The morning after US, French, and British jets targeted chemical weapons facilities in Syria, US President Donald J. Trump took to Twitter to declare “Mission Accomplished.”
That declaration—the two words that former US President George W. Bush came to regret—has left many scratching their heads.
“I found the comment itself puzzling because I don’t know what exactly the president (or the briefers at the Pentagon press conference) mean by it,” said Faysal Itani, a senior fellow in the Atlantic Council’s Rafik Hariri Center for the Middle East. “They seemed to pitch it as meaning ‘successful operation.’”
Itani said there was no doubt that the strikes hit their targets without any loss of US lives or equipment. “But if ‘Mission Accomplished’ is supposed to mean that Bashar Assad has been deterred from using chemical weapons, the most that I can say is ‘maybe,’” he said.
Aaron Stein, a senior fellow in the Hariri Center, said most professional members of the military probably “cringed” when they read Trump’s tweet.
“The mission was a success, but let’s be clear about what it was intended to do: Punish the Syrian regime for the use of chemical weapons. The strike did that, but as the Pentagon made clear, Assad probably still has residual capabilities that he could employ, or simply just hang on to,” he said.
Itani said that the strikes were much smaller than the Assad regime had expected and narrow in their target set.
“I concede that its possible Assad will not use [chemical weapons] again, not least because he’s almost won the war and much of the really tough fighting is over,” Itani said. “But then, he may just do this again in one year, in which case [Trump’s Mission Accomplished] slogan will be reminiscent of George W. Bush’s ill-fated banner announcing the end of major combat operations in Iraq in 2003,” he added.
In the days leading up to the strikes, Atlantic Council analysts had made the point that one-off missile strikes alone would do nothing to deter Bashar al-Assad’s killing machine in Syria.
US Defense Secretary James Mattis announced on April 13 that the strikes were a “one-time” shot, but Western officials have left open the possibility of more strikes in the event of another chemical weapon attack.
A suspected chemical weapons attack in the Damascus suburb of Douma on April 7 was the main provocation behind the strikes. Western governments, including the United States, the United Kingdom, France, and Germany, blamed Assad for the attack in Douma. Russia said the attack was fabricated.
This was the second time in a little over a year that Trump has ordered missile strikes in response to chemical weapon attacks in Syria.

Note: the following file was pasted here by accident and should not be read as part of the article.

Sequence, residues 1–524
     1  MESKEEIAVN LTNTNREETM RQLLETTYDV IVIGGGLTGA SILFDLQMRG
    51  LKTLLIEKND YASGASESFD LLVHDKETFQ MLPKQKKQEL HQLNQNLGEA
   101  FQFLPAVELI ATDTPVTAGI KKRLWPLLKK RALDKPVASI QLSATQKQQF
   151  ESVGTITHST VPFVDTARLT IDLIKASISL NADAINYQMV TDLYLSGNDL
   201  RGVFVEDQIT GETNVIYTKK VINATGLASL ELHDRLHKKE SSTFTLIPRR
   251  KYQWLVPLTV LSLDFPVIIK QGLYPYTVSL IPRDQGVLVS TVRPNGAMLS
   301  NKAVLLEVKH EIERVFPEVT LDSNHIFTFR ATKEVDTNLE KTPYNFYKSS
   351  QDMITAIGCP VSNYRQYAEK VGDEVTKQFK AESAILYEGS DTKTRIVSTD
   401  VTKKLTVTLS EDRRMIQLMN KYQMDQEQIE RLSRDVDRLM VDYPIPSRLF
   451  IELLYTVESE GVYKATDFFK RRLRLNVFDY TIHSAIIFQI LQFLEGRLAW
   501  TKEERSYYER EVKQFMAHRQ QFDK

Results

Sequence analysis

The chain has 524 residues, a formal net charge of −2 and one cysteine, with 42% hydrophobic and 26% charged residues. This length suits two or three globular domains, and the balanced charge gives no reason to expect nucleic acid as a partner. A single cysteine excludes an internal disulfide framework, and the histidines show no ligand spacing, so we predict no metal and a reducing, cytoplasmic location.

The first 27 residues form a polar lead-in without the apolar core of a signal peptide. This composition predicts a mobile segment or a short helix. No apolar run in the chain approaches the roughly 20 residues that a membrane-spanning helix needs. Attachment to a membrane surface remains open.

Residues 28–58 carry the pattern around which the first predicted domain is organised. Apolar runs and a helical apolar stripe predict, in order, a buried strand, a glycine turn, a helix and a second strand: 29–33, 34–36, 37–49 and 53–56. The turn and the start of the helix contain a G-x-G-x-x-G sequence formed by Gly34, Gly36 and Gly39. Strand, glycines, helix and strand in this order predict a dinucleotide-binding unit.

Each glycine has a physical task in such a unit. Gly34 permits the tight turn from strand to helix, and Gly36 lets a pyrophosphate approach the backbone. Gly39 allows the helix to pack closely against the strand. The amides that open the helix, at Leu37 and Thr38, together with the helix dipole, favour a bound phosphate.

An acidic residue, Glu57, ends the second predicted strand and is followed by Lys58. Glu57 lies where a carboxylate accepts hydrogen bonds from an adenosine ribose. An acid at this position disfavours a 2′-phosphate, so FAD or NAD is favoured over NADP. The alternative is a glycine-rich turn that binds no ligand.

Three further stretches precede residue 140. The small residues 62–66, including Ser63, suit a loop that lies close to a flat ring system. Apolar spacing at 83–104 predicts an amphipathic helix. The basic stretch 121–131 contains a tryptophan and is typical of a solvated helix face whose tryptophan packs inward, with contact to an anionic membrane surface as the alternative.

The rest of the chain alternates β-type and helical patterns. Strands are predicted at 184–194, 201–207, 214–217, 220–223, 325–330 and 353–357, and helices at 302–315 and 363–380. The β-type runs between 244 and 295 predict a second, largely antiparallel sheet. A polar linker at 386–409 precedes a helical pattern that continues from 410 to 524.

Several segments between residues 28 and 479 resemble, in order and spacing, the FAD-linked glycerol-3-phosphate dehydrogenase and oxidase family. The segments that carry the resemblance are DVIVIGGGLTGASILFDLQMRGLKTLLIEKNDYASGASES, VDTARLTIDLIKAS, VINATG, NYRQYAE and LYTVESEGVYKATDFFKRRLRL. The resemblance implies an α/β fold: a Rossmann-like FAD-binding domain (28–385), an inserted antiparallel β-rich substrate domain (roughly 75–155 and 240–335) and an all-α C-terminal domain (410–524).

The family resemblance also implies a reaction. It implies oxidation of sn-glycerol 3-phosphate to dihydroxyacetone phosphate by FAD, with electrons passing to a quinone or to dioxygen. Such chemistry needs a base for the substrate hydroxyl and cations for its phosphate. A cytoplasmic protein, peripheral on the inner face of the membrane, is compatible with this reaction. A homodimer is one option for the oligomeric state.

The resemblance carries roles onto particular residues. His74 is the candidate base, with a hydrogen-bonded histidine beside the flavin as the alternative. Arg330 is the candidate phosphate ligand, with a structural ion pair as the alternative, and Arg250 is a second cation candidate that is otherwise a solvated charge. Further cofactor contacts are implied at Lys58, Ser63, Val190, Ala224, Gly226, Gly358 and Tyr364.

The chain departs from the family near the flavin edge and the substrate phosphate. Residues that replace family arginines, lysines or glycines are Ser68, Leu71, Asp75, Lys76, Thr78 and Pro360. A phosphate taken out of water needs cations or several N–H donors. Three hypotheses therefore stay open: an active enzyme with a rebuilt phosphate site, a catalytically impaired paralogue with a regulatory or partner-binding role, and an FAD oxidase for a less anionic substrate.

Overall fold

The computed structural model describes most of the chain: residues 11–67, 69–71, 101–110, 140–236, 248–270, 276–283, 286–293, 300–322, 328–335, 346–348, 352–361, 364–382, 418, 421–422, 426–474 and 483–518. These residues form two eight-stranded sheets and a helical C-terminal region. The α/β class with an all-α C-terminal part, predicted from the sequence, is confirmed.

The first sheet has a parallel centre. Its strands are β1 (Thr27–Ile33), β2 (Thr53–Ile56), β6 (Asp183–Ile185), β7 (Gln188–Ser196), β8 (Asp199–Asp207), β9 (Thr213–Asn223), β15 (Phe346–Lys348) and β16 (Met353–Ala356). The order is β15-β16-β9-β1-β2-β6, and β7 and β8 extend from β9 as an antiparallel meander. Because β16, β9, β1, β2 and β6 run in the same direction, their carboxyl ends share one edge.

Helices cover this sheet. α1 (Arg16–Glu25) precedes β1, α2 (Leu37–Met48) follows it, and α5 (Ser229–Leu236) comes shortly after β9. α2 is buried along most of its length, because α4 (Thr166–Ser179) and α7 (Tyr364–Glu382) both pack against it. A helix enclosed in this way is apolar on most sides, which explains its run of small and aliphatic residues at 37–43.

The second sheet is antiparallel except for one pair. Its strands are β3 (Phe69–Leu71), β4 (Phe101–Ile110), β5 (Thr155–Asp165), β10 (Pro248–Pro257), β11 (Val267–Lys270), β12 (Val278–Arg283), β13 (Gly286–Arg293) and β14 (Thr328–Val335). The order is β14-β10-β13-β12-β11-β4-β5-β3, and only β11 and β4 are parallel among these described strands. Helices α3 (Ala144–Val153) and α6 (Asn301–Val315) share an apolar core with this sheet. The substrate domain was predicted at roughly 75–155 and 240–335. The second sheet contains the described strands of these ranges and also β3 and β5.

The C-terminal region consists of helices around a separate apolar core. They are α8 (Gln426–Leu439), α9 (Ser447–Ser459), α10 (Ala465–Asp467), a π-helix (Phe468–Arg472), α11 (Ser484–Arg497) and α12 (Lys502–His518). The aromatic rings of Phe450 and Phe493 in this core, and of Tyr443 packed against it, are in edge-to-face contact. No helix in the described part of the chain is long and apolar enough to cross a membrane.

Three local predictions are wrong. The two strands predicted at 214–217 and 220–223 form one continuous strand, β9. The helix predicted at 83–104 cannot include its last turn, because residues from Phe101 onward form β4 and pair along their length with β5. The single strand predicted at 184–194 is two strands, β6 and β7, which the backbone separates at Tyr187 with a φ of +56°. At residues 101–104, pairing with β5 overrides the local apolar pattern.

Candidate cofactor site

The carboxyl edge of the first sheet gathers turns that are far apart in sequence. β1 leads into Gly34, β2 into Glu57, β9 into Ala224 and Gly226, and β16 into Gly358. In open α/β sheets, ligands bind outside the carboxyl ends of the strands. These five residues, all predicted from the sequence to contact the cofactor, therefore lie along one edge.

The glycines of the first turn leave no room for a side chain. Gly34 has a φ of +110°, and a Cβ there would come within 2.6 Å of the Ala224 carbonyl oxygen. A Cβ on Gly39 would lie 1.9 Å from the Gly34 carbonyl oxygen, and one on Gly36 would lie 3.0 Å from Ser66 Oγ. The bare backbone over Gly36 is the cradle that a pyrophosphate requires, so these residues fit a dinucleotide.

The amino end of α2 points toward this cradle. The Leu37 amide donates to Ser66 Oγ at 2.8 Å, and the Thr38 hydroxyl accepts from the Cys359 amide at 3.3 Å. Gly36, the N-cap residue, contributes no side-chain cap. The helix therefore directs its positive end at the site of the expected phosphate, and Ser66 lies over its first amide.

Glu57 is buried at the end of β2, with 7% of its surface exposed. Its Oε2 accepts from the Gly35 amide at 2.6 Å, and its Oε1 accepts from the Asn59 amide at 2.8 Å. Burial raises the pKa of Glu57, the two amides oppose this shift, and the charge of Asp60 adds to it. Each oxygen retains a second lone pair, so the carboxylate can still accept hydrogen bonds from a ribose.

On April 7, 2017, Trump ordered missile strikes following a chemical weapons attack on Khan Sheikhoun, a town in the western Idlib province. Fifty-nine Tomahawk Cruise missiles struck Al Shayrat air base where the US intelligence community concluded chemical weapons were stored and loaded onto aircraft used in the attack.
One year later, faced with a similar situation, he made the same decision.
At its briefing on April 14, the Pentagon emphasized the United States had accomplished a “narrowly defined mission of successfully engaging, with its allies, three facilities at the heart of Syria’s chemical weapons program,” said Andrea Taylor, a nonresident fellow in the Hariri Center.
Is that enough to deter Assad from using chemical weapons again?
“Success of a broader mission—of deterring future chemical weapons use—is not certain, and in fact future actions of the Assad regime can only prove that mission unsuccessful or inconclusive,” said Taylor.
“Repeated regime use of chemical weapons would show deterrence was ineffective. However, lack of chemical weapons usage could indicate either that deterrence was effective or that the Syrian regime simply did not have a need to again use such weapons,” she added.
As for the broader US strategy in Syria, Stein said that is “still bifurcated.”
“The US will strike the regime if [weapons of mass destruction] is employed, but its main mission remains the war on Islamic State and, as the president made clear, the US intends to wind that war down and look for an exit,” said Stein.
Taylor said what further complicates things is “an unclear threshold for what chemical weapons usage would result in a military response.”
“At the time of the punitive strikes, the United States had not yet confirmed (though it also had not ruled out) whether the Syrian regime had used a nerve agent in Douma. It remains unclear whether the threshold for a future punitive response is the use of any chemical agent, to include chlorine, or whether the threshold is defined by the scale of an attack such as number of casualties. This threshold for action may be among the most uncertain aspects of the broader US policy in Syria,” she added.
Ashish Kumar Sen is deputy director of communications, editorial, at the Atlantic Council. Follow him on Twitter @AshishSen.